Also, don't be surprised when you open the crate and your rescue runs and cowers in a corner. All the noises of your home are new - telephone ringing, kids running, dishes being cleaned, vacuuming...
Always allow them a place to get away and be alone.
Tips for Potty-Training Your Puppy Mill Rescue
First and foremost, you'll need to understand that your puppy mill dog has been forced to urinate and defecate in their own living quarters for their entire life. Expecting them to quickly potty-train is just setting them up to fail and you to be disappointed.
You'll need to treat you puppy mill dog much like you would treat a puppy, especially in this regard. ( Please see my complete potty-training guide!)
Keep a strict potty schedule and don't forget to treat reward and give verbal praise when they take care of business outside! A regular feeding schedule and a higher quality dog food will help keep your rescue healthy and their bowel movements regular. Bell training can be very helpful as well - although if they are skittish around noise, it may be better to avoid that until they are more comfortable.
Expect accidents and NEVER EVER punish a dog (and I mean any dog) for soiling in your house! Yelling or rubbing their nose in it will only set them further back in their trust with you.
Unfortunately, because they were responsible for their own cages cleanliness and were fed inconsistently, many puppy mill dogs will eat their own poo. To knock them of this habit, try putting a chunk of pineapple in their food for about a week or so. This will make it taste disgusting to them and should discourage the habit.
If you rescue has not been spayed or neutered, doing so immediately will help avoid "marking" issues. If issues occur and persist, look into a "belly band", a device that prevents male dogs from marking. Your local pet store should have these, but if not, there is always the internet!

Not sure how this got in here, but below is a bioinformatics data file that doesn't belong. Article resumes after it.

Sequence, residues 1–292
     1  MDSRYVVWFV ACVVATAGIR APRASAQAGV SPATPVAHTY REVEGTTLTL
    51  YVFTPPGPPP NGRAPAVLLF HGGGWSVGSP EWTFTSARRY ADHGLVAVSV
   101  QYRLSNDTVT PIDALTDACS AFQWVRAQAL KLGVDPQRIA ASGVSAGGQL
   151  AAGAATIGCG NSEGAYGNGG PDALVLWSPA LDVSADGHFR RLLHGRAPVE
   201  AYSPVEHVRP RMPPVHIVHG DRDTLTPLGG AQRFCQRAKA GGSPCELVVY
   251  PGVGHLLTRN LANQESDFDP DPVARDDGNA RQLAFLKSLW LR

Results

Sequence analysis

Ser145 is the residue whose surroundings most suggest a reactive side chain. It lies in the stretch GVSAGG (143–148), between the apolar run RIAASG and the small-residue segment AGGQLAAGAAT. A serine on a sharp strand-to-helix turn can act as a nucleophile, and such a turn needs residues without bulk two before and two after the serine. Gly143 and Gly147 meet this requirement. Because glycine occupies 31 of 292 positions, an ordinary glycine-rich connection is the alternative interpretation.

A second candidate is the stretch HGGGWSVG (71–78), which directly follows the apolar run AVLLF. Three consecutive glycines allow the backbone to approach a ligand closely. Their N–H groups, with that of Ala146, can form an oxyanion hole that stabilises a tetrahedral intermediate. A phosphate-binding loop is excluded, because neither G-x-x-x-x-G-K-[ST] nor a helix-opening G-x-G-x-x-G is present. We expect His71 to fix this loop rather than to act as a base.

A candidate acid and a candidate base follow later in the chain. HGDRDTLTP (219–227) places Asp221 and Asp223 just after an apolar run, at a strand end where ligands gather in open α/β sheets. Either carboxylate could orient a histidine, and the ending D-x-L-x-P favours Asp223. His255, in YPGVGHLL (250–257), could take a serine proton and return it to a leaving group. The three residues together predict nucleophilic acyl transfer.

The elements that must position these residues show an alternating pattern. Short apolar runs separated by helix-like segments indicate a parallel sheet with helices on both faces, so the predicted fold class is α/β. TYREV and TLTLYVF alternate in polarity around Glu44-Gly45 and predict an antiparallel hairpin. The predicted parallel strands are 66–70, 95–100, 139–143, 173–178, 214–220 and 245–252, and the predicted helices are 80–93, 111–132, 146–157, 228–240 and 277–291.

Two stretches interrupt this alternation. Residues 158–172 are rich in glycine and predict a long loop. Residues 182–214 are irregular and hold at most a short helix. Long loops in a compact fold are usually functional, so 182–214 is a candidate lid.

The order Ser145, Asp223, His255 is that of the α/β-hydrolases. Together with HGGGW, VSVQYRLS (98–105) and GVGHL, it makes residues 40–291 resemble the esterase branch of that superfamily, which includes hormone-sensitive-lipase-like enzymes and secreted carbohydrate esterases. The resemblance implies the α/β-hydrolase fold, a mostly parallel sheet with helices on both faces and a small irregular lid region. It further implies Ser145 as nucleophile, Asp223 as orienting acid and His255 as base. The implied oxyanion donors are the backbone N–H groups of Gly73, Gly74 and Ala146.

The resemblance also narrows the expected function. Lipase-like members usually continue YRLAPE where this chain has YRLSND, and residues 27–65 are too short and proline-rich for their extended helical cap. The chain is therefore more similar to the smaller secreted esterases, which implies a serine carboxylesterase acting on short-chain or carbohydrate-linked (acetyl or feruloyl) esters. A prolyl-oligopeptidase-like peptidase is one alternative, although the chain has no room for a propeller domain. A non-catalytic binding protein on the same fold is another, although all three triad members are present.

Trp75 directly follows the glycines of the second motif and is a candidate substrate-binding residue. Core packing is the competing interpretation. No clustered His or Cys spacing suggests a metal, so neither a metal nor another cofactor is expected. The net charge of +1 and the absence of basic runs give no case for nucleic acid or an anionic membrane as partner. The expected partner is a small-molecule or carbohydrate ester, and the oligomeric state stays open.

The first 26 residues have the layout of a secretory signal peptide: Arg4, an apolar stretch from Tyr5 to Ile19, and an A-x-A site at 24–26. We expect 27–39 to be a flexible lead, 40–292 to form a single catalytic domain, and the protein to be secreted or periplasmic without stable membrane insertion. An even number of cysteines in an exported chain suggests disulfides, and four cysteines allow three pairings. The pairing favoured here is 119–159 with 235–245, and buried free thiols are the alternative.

This Dog Trainer's Advice on Puppy Mill Rescues
Please remember that what works for one rescue dog, might not work for another. Be patient, calm, and consistent when working with your puppy mill survivor.
Consider hiring a professional dog-trainer to help you and your fur kid get off to the right start. They should be able to provide more helpful tips on easing your puppy mill rescue with their unique issues.
It is also important to understand that some puppy mill survivors are so damaged that no matter the amount of time, energy and money spent on them, they just never come around. These little fur kids may never be able to play like a normal dog, may always have potty issues, and may always be quick to move away from your hand. These "damaged" fur kids just need to be accepted for who they are. It takes a very special adoptee to understand and give them what they need and to require nothing more from them.
If you are considering rescuing a puppy mill survivor, please know that it is one of the most unselfish and giving acts a person can commit too. Despite the best wishes and sympathy of most people towards these victims, a puppy mill dog isn't for everyone. For those that accept the challenge however, there is true reward in knowing that you gave a dog the life and love they were always meant to have.
For more information on adopting a puppy mill dog,
please visit the Puppy Mill Rescue website.
Shazz Mack, Revolt! Puppy, 22Lauren, K9 Playgroups, JBSibiley